Buy 'em while you can

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Just picked this up:
http://tinyurl.com/34exgz
Anyone wanting to buy Festool, you should get it now. I know they had a price increase recently that scared a lot of people, but they are now closing ranks. I am guessing this will go the way of another (German manufacturer) Stihl chainsaws and a few other choice tools that want to tightly control their product and its bottom line.
This is a great move for Festool as it makes sure there will never be price competition on their tools, parts, service, etc., so they can price as they want. It should cut down on their distribution costs as it will be able to drop ship dealers what they want.to send them. With a locked down system following the Stihl model, I can only imagine what tool repairs and parts will cost. My DeWalt/Milwaukee/ Porter Cable authorized repair center here is already $75 bucks an hour. Following the Festool pricing model, I can't imagine what "factory authorized service" will cost.
I know they told me at WoodCraft a couple of weeks ago that they cannot keep the Domino or the Rotex sanders on the shelf no matter how many they get. But they can't sell the circular saw, router, jig saw or other tools nearly as well. Yet when they buy the Dominoes, they are forced to buy a certain amount of other products as well.
Can't wait to see how long Woodcraft holds onto that product line when they are forced to sell $1400 Domino machines and $700 6" sanders.
And wait until you have to buy a full Systainer system with accessories with every purchase.
I wonder if they will do to Festool what they did to Akeda. Absolutely sell the hell out of the product for a few years, support it in every way, and when they do get their margins for one reason or another, they drop the line.
I noticed too, that Amazon is already taking off all Festool products, including the ones from affiliates.
That can't be good. Get 'em while they're hot!
Robert
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snipped-for-privacy@aol.com wrote:

How are you getting all that from a statement that Festool will no longer sell directly to end users?
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--John
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wrote:

Did you miss this lone?
We will continue to offer spare parts and repair service to you directly after April 1st, 2008, in order to guarantee our commitment to the best service in the industry.
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Don't know if that was pointed at me or Sr. Clarke, but I missed it.
Good for them.
Robert
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IMHO I view this as a boost to the retailers that carry the products. Now that I can buy Festool at 4 locations within 15 minutes of my home I can more easily find Festool than Milwaukee, DeWalt, etc. Festool has been around for quite some time but has not really pushed the brand name like they have in the last couple of years. I had always heard of Festool but don't recall touching one until early last year. I think that now that the network has been developed there is really no need to deal with the "home office" to find the product. Personally if I was a retailer I would not want to be competing with my supplier. I would be very suprised if the dealers did not know that this was going to happen when they signed up.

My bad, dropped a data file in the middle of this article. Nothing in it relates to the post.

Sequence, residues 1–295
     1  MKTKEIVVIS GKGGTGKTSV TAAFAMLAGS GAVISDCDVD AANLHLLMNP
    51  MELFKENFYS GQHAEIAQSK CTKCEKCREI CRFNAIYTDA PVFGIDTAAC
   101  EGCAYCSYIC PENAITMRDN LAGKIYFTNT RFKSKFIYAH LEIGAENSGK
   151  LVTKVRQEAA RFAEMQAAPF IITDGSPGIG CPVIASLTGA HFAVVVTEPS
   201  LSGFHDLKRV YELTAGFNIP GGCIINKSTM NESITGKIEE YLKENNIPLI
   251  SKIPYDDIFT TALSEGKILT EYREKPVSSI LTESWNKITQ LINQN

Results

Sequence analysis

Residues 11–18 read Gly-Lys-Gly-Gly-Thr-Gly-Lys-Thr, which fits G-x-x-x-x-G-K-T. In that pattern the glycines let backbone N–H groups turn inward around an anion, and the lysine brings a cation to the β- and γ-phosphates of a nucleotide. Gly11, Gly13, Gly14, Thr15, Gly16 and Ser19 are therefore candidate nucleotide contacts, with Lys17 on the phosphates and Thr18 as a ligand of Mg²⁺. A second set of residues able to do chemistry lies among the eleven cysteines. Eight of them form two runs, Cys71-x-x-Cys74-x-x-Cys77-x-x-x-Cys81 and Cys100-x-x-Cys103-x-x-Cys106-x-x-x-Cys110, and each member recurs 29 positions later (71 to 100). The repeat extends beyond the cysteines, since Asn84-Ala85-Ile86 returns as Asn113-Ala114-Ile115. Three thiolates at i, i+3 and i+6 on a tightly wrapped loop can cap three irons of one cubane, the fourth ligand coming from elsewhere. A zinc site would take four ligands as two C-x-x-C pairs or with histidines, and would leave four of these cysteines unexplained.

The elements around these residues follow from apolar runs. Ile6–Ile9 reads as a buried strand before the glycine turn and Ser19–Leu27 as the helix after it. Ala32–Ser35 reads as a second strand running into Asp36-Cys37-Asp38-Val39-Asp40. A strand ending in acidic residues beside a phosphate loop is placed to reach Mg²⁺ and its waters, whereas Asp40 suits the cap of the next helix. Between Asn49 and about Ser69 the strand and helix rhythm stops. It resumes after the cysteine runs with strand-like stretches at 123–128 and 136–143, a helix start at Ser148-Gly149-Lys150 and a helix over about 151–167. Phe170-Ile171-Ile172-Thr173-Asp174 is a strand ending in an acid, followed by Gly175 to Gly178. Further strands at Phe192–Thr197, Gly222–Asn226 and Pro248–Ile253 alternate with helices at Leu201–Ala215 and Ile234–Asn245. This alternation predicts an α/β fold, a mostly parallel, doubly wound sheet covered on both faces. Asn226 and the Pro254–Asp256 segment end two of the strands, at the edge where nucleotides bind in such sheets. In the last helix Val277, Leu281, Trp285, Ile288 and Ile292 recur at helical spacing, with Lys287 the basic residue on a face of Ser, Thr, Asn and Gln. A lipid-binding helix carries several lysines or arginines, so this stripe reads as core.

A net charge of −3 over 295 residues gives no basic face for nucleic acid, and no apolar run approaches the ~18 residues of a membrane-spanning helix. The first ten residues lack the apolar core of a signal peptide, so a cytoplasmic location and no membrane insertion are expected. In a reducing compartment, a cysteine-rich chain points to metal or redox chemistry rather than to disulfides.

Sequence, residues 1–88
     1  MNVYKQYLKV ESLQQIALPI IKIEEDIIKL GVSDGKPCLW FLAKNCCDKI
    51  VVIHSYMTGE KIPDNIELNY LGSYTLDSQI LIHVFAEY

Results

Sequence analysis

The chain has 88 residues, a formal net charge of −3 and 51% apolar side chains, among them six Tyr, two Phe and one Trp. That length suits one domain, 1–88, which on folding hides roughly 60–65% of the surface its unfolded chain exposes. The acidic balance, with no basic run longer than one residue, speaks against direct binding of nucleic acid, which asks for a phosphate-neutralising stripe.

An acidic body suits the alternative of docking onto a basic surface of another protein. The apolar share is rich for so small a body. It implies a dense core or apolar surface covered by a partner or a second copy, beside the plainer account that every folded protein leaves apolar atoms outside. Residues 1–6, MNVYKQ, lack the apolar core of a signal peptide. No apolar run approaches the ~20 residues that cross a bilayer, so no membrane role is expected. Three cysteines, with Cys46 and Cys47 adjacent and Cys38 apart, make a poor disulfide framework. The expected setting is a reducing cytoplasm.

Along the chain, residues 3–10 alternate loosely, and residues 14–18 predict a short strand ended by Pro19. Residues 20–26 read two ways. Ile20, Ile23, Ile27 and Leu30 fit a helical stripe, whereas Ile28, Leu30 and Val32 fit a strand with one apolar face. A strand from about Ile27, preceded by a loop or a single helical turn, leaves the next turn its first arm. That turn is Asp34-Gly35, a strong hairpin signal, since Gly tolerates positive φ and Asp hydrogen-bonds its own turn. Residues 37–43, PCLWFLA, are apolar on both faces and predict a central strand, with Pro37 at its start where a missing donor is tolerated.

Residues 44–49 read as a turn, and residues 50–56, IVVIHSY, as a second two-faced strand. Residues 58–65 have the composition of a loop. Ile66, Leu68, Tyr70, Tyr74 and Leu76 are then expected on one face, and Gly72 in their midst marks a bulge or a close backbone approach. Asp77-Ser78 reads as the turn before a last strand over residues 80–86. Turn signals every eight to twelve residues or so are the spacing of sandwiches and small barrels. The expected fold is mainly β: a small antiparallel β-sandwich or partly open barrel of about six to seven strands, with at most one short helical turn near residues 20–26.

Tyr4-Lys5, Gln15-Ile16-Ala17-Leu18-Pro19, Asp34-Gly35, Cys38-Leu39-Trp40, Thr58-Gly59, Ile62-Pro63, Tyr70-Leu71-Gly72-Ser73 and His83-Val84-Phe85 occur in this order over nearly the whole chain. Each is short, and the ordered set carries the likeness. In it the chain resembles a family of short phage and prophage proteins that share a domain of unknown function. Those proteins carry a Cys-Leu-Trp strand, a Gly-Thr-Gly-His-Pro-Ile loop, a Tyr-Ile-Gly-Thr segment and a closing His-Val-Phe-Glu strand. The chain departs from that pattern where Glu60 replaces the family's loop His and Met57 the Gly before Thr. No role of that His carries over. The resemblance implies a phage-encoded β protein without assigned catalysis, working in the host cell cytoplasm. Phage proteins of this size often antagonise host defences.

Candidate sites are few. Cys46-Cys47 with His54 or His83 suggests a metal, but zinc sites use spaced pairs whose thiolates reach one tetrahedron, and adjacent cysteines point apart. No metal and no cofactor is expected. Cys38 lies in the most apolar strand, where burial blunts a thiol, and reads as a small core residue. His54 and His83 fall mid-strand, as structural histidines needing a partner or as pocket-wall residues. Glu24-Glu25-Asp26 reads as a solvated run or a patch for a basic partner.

This is the only way I have ever known Festool to operate, but then again I have only been looking closely at the line for the past couple of years. In a way I like and respect the fixed pricing. It guarantees you that your local retailer will not be higher than the guy across town or the guy on the internet. It is easier for your local supplier to get and keep your Festool business and you dont have to worry about paying more from your local guy over the guy across town. While the pricing can be high, you can rest assured that where ever you buy it will be the best price that you can get. Anyway you will still be able to buy direct for most anything except the initial purchase of a tool if you choose to do that.
It should cut down on their distribution costs

I'm not sure I follow.

Could it be that Woodcraft makes the different Woodcraft stores buy a certain amount? IIRC the individual Woodcrafts store are obligated to buy a certain amount of product directly from Woodcraft.

I can see that because of the large network of dealers, now that Amazon is at a disadvantage because they have to ship to you rather than you being able to go to the local dealer and getting the tool, and they have no price advantage.

Either way, Woodcraft is only 1 of 4 or 5 different suppliers that I know of that handles Festool within a few minutes of my house.
Time will tell.
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Leon wrote: ...